Chicago has been in the news twice recently, once for being ranked as the most corrupt American city and this week for losing its opportunity to hold the Group of 8 economic summit meeting in May. The economics of the two events are related.
A study at the University of Illinois at Chicago and the University of Illinois Institute of Government and Public Affairs found that Chicago city officials, especially aldermen, were convicted by the federal government for corrupt activities while in office more often than officials in other cities.
It’s been decades since a Chicago mayor has been convicted of a crime while in office. But something has seemed different in that office too, because its holder had been named Richard Daley for 42 of the 56 years from 1955 to 2011 (first Richard J. Daley, then his son Richard M. Daley). It’s also been at least decades since a Chicago mayor sought a higher office.
A promotion tournament is one way that labor economists have suggested that people can be provided incentives to behave well in their jobs, be they in the private or public sector. The idea is that people have an extra reason to do their job well when they expect to be closely evaluated on the occasion of a promotion decision.
Promotions are sometimes a factor in political careers, too. Aldermen sometimes become mayors and mayors governors. Both George W. Bush and Bill Clinton were governors before being elected president. Officials are sometimes criticized for looking toward higher offices, but those aspirations might give them an extra reason to stay away from corruption, lest credible accusations of corruption mar their campaigns.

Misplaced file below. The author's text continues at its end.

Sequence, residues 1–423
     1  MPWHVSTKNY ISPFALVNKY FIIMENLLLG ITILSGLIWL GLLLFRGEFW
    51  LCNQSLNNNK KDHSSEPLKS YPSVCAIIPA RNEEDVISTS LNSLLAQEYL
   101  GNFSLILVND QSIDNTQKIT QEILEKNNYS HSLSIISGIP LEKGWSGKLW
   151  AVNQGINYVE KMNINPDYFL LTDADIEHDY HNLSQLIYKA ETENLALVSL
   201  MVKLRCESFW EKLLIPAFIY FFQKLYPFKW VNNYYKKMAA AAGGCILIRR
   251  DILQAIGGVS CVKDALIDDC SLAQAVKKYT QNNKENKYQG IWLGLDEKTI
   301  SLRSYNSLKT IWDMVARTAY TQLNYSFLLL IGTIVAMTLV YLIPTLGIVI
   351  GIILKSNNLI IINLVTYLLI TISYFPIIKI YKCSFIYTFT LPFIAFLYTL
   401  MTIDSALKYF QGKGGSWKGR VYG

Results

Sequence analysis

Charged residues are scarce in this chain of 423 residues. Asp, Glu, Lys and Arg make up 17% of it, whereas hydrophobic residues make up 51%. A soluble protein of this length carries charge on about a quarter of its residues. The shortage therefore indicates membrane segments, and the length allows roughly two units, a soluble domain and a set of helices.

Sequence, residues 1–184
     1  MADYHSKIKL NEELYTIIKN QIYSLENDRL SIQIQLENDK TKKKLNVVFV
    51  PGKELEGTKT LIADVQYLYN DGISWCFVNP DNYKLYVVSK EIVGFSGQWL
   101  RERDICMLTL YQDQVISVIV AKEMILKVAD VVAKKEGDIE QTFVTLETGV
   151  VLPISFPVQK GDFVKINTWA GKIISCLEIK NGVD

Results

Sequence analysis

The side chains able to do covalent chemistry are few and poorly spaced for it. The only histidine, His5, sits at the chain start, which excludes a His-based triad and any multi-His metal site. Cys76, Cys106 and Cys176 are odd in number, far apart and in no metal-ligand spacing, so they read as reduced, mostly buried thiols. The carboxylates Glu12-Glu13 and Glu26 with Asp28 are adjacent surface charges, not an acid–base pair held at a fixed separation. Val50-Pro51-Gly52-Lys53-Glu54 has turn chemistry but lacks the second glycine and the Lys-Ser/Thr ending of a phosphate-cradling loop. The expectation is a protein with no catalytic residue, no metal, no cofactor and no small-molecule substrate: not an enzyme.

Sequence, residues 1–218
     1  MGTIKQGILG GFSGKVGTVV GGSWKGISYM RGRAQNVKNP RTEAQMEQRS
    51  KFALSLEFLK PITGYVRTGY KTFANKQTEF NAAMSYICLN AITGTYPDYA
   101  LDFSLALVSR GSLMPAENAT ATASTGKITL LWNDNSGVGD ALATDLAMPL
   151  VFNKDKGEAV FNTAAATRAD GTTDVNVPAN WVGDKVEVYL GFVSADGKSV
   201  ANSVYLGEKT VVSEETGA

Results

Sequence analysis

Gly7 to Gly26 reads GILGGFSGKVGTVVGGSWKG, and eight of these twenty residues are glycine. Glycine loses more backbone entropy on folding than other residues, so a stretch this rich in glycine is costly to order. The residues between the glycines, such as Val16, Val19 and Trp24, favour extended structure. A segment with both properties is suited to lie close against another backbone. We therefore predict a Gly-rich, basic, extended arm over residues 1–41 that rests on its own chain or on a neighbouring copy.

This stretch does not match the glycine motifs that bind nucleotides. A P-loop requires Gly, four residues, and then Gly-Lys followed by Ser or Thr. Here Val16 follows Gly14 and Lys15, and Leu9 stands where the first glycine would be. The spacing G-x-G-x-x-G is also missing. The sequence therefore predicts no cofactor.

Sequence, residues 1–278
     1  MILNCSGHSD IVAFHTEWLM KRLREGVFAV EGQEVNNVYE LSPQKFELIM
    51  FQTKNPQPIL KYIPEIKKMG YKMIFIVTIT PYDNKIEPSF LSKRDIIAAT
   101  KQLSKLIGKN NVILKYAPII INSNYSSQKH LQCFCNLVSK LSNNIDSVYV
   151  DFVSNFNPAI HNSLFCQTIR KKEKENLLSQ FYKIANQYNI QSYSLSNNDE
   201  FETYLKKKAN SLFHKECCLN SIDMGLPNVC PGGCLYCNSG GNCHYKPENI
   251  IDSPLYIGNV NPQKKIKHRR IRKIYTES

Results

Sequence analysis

Many Chicago mayors have not been expected to pursue higher office. Richard J. Daley and Harold Washington died in office. Richard M. Daley retired, and Chicagoans do not expect him to run for governor, senator or president.
The current mayor, Rahm Emanuel, could be different. He is a prominent figure in the national Democratic Party. If, hypothetically, he were building a résumé for governor or another office, that could be good for Chicago. The better Chicago performs while he is mayor, the better his résumé will look.
Indeed, Mayor Emanuel has already involved himself in statewide, national and international interests. He was eager to play host to the G-8; although that was moved to Camp David, Chicago will be the site of a NATO meeting this year.
Mayors often concern themselves with the city’s public school system through high school. Mayor Emanuel has looked a bit presidential in tackling higher education, too.
Thus, while Chicagoans have wondered why their city should endure the hassle of G-8 and NATO meetings, perhaps they should appreciate having a mayor who might have “career concerns.”